CDT 2021: Day 159, Cosley Lake Campsite to Chief Mountain Border Station

There is a road, no simple highway

Gravity standing at the Canadian border

The campsite where Top O', Lone Wolf, Beer Goddess, Butters, and I stayed last night was situated not quite halfway across the length of beautiful Cosley Lake. I could not have wished for a nicer spot for my last night on the CDT. I will admit, however, I would have preferred to have a little less wind.

Top O' and I pitched our tents as close to some trees and shrubs as possible, hoping they would fence off some of the wind. They didn't seem to help much. My tent flapped and shook all night.

DateSaturday, September 18, 2021
WeatherPartly cloudy and smoke with gusty winds; temperatures from mid-40s to mid-50s
Trail ConditionsMostly flat and easy with a modest climb in the last two miles
Today's Miles9.1
Trip Miles2359.9

I didn't sleep well, and the wind was certainly at fault for that. The excitement of knowing my hike was coming to an end this morning didn't help. Top O' said he also didn't get much sleep.

When it seemed like no more sleep was possible, I started packing. Top O' soon did as well. We wanted to get started early anyway because rain was in the forecast for later today.

Butters, Lone Wolf, and Beer Goddess weren't ready to go by the time we left, but they told us they wouldn't be far behind.

The sky at dawn

Top O' and I left shortly before dawn. The sky wasn't pitch black, but it was dark enough that we needed our headlamps to see the trail.

We started by going back in the direction we arrived yesterday, along the north shore of Cosley Lake. The first seven miles of the trail to Chief Mountain Border Station went over flat or gently rolling terrain.

After the first seven-tenths of a mile, which put us near the east end of the lake, Chief Mountain (9,080 feet) came into view. It stood silhouetted against the dawn sky, which by this time was starting to take on hues of yellow, orange, and violet.

Sunrise at Chief Mountain

As the sun rose, it came up directly behind the mountain.

The Blackfeet Indians call it Nínaiistáko, which means "Great Chief." The mountain stands at the border between the park and the Blackfeet Indian Reservation. It has been a sacred place to Native Americans for hundreds of years.

The trail to the border

As the sky became brighter, I could tell this was a smokier day than yesterday.

The trail we followed wasn't as wide as most in Glacier. It was smooth, however. We walked briskly in the chilly morning.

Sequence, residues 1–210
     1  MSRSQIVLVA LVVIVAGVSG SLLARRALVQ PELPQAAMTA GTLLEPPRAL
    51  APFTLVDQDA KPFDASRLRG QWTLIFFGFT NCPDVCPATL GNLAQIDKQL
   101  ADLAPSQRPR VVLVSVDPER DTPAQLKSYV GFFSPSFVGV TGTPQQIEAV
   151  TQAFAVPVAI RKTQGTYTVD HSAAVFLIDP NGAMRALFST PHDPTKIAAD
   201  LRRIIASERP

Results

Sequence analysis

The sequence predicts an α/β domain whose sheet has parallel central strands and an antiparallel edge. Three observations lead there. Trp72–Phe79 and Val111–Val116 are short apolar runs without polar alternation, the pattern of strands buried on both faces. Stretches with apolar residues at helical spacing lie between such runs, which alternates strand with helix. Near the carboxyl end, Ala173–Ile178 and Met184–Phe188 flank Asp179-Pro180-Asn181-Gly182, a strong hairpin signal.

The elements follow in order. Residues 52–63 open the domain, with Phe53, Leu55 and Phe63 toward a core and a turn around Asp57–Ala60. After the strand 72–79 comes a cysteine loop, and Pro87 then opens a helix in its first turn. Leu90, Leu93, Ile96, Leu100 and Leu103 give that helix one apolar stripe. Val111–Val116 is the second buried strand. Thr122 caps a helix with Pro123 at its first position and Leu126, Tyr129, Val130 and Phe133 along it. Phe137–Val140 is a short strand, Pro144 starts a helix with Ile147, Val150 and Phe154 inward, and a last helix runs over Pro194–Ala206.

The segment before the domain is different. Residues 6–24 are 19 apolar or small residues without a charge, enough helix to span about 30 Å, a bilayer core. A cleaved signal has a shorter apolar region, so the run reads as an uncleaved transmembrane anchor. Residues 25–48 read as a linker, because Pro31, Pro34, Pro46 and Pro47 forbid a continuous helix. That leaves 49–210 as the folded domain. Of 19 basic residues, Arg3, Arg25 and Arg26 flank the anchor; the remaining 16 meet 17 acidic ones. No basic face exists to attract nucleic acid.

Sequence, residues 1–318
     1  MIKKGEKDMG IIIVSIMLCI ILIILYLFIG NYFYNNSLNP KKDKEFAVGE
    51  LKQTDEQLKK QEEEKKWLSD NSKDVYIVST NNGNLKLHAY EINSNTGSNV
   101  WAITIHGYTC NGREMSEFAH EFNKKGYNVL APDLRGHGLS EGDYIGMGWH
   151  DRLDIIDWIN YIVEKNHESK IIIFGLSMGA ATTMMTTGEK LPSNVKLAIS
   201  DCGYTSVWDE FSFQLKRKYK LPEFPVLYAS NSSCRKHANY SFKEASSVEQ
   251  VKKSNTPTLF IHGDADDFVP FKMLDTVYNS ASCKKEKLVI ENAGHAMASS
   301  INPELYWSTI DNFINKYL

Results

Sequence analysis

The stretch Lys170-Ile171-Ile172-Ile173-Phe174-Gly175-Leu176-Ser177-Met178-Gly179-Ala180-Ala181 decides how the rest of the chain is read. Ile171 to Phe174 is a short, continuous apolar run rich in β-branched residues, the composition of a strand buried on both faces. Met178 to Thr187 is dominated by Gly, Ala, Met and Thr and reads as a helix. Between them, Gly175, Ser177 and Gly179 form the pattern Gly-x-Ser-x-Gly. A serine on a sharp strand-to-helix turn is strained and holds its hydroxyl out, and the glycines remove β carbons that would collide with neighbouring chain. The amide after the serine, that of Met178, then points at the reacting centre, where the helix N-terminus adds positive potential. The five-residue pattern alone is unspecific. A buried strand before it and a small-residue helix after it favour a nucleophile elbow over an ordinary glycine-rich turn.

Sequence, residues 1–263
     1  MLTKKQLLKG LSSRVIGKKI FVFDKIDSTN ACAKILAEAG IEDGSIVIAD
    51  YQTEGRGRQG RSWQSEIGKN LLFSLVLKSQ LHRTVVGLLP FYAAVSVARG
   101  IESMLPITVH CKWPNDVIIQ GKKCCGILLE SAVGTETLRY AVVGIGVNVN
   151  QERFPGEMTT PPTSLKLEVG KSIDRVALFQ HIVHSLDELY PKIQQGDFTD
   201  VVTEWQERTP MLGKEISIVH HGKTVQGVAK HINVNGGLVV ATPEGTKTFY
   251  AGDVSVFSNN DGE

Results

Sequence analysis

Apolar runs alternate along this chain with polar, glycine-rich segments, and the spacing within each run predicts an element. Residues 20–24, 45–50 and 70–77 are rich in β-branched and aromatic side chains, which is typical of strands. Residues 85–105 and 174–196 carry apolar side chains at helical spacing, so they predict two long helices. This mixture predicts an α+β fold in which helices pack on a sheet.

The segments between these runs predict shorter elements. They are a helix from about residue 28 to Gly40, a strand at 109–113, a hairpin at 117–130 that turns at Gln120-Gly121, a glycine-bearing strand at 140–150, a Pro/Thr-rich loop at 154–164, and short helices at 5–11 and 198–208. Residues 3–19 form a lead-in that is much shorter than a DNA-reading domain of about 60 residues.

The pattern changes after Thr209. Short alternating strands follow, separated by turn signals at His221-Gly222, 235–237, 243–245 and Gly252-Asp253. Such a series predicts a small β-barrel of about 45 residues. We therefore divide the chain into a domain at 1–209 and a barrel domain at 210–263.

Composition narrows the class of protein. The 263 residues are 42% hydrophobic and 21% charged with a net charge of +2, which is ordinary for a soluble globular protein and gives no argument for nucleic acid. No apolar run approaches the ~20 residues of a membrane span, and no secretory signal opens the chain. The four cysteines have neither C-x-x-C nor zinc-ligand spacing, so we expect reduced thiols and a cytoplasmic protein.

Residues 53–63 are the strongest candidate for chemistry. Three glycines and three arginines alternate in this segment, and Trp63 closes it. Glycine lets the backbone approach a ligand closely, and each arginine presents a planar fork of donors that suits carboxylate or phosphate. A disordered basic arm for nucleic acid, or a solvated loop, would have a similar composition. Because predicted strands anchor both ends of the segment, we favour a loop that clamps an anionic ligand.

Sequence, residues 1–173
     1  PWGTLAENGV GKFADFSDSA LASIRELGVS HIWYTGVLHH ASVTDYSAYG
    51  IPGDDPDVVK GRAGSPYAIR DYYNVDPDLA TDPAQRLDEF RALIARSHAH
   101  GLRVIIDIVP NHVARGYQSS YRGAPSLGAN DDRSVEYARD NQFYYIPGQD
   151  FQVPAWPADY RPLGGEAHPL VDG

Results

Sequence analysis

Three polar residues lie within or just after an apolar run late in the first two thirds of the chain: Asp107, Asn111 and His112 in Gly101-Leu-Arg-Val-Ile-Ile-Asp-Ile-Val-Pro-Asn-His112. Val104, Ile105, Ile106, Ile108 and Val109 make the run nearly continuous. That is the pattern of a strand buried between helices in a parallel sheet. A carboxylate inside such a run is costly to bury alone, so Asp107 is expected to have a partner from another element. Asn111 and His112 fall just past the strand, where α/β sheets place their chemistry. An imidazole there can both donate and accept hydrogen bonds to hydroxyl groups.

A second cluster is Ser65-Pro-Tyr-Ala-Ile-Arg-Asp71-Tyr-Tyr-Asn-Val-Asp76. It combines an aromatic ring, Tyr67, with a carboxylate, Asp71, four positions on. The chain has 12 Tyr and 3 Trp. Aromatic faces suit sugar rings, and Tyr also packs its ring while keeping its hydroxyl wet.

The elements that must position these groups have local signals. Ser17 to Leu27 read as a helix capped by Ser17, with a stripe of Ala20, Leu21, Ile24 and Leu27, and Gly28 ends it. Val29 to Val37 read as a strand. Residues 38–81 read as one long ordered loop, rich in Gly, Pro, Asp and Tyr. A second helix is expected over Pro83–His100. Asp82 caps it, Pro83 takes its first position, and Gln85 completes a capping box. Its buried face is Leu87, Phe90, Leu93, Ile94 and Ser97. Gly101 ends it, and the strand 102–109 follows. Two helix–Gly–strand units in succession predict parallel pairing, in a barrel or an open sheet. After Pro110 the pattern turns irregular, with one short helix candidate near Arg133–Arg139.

Crossing the Belly River

We had gone nearly three miles by 7:35 a.m. That's when we crossed the Belly River on a suspension bridge built like most of the ones we've seen in the park. In a few weeks, a crew will come here and roll up the bridge to store it for the winter.

A ranger station stood a short distance from the other side of the river. It was established here in the earliest days of the national park. One of the first park rangers assigned to work in the Belly River Valley was Joe Cosley. Cosley Lake was named after him.

Cosley seemed like an ideal candidate to be a ranger. He had been a fur trapper, hunter, and guide in Montana since late 1889.

He was hired by Maj. William R. Logan, the first park's superintendent. Logan wanted rangers who knew this rugged territory. One of a ranger's jobs then was to track and arrest poachers. That didn't stop Cosley from poaching wildlife inside the park while on the job.

Cosley was fired when he was caught poaching in 1914 and was ordered to never return to the park. After a stint as a sharpshooter during World War I, he returned to the area and attempted to get hired at the tourist camp on Cosley Lake. Eventually, he returned to his old poaching ways and was arrested for it in 1929.

This time, he managed to skip bail with the help of friends and never returned to the Glacier area.

The meandering Belly River with a view of Bear Mountain

A trail junction was near the ranger cabin. We rejoined the Chief Mountain Alternate here, which was the route that started on Many Glacier Road.

The next four miles were as flat as the first three, with much of the way going along the Belly River. We didn't always see it because the river meandered while the trail followed a nearly straight line.

Every now and then, where the trail made a slight climb or there was an opening between trees, I could see Bear Mountain (8,841 feet). Canada was a short distance on the other side, but that wasn't the direction we were going. Our route today didn't have any mountains to climb.

Bear scat on the trail

We had only one minor climb, and that came in the last two miles. It went up 750 feet, which could hardly be called a steep ascent.

I never saw a grizzly bear in Glacier. The closest I came to one happened in the last mile of my hike. I had to walk around large piles of scat on the trail.

The words So Close written with sitcks